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Middle class 'risk' state schools to get ahead

Middle class parents send their children to struggling comprehensives through self-interest rather than altruistic motives, according to new research.

An academic study of left-leaning, white, middle class parents in urban areas has found that, rather than being inspired by a sense of civic duty or responsibility, they send their children to lower-achieving state schools in the hope of them acquiring new skills.

The parents hope that by becoming adept at mixing with people from different backgrounds, their children will become more employable and "construct new forms of advantage", ultimately improving the family's social status.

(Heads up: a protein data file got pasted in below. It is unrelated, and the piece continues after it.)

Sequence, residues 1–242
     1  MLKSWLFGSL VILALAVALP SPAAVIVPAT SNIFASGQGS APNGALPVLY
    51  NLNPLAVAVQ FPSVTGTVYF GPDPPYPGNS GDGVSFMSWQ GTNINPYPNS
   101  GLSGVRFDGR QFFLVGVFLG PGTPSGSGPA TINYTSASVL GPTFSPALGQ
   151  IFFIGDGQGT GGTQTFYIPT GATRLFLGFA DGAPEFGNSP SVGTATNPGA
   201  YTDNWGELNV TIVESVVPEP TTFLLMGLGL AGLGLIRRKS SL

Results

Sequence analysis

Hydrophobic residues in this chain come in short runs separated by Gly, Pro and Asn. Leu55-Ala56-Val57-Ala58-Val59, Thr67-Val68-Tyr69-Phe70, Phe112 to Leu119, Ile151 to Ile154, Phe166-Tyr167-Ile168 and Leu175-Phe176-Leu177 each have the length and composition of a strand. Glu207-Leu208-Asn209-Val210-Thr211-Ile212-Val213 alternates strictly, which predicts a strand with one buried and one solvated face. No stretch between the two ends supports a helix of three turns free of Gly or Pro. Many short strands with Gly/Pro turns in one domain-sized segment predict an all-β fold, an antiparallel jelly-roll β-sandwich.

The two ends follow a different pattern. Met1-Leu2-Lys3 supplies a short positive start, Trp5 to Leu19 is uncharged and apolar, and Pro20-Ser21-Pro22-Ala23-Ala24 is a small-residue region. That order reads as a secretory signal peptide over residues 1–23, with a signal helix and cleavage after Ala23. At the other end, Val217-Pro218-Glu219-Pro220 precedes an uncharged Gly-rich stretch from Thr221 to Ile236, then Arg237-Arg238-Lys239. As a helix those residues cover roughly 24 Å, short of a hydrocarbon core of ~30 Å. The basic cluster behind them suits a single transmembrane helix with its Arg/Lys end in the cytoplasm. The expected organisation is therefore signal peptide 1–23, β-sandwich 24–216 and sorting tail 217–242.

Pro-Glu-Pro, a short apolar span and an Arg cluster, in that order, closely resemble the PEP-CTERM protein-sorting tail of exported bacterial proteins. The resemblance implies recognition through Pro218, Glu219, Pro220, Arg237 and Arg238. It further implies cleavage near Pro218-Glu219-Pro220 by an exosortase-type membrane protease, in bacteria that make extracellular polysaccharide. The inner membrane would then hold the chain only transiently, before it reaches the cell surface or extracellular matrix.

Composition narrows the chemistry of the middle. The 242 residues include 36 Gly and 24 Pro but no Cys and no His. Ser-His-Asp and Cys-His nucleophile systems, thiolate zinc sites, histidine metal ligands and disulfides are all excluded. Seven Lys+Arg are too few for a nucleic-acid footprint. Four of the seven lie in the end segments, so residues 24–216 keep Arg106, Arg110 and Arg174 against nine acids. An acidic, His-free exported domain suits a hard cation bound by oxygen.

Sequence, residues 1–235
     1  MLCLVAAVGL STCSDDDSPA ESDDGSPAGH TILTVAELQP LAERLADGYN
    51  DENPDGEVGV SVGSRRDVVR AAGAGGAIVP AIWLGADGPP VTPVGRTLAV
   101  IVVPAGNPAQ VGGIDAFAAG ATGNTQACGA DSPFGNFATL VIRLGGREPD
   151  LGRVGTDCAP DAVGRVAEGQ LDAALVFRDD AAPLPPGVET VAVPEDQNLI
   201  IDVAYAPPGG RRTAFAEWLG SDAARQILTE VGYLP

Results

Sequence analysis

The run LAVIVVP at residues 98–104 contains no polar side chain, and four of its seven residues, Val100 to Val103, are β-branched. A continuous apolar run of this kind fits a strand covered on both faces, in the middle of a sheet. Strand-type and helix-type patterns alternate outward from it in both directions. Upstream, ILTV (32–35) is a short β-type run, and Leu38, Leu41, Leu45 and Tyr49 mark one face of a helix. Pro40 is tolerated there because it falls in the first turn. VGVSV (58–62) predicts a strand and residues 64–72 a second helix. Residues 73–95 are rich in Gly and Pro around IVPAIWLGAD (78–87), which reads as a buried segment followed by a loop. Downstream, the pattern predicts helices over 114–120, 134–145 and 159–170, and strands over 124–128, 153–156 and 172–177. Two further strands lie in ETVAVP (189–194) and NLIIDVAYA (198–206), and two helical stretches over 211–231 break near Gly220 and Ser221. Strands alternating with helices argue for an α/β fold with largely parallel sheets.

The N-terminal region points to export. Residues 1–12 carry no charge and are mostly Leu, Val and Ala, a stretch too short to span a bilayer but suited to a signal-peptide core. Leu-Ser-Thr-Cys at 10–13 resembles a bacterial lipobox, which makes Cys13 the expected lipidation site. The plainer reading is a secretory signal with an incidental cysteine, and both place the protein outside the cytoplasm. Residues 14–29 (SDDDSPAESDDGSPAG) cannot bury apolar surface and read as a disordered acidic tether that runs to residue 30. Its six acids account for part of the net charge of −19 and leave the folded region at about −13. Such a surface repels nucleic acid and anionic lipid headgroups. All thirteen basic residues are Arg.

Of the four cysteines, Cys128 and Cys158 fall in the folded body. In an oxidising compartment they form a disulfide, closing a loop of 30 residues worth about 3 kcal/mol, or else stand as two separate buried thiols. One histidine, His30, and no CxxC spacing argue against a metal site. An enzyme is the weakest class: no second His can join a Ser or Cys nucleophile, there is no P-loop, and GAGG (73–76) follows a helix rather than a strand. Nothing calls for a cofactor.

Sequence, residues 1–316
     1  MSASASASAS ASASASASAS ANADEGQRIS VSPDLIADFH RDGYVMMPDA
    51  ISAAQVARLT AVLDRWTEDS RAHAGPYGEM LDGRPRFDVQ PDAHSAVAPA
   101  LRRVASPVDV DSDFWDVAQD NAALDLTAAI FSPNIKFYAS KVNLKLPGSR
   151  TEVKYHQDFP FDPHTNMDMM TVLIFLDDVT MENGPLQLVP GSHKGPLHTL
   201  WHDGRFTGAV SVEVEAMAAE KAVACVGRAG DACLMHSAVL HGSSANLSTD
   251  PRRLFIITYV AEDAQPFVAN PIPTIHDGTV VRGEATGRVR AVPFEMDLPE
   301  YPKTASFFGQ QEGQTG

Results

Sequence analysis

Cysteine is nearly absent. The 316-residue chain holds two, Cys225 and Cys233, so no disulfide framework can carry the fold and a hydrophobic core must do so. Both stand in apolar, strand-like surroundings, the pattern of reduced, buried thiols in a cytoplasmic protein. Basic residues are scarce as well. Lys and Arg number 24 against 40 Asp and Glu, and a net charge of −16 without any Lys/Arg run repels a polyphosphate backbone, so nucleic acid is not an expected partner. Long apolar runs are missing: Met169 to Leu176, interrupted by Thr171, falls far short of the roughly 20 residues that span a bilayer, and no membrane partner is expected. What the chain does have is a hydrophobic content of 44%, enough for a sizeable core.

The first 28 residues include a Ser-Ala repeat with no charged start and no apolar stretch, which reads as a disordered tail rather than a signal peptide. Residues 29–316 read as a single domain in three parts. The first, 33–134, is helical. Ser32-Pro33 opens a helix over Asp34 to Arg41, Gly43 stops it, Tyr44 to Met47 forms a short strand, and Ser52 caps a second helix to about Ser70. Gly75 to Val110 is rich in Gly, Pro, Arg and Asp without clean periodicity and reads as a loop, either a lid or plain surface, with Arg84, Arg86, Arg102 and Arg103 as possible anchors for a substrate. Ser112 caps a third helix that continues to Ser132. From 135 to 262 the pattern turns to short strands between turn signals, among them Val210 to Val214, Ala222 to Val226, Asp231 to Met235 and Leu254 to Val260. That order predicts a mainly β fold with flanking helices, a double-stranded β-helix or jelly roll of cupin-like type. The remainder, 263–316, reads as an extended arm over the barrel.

The research, White Middle-Class Identities and Urban Schooling, by Gill Crozier, David James and Diane Reay also found the parents displayed anxiety about the "risky" decision.

They tended to become involved in school life to "keep an eye on things", often formulating plans to send their offspring to independent schools in case their "against the grain" decision proved unsuccessful.

They also displayed prejudice against white, working class youngsters, expressing concerns that their children could become "contaminated" by associating with "chavs".

"Although superficially these families might appear to be `acting against self interest', they are in fact doing nothing of the sort," the study says.

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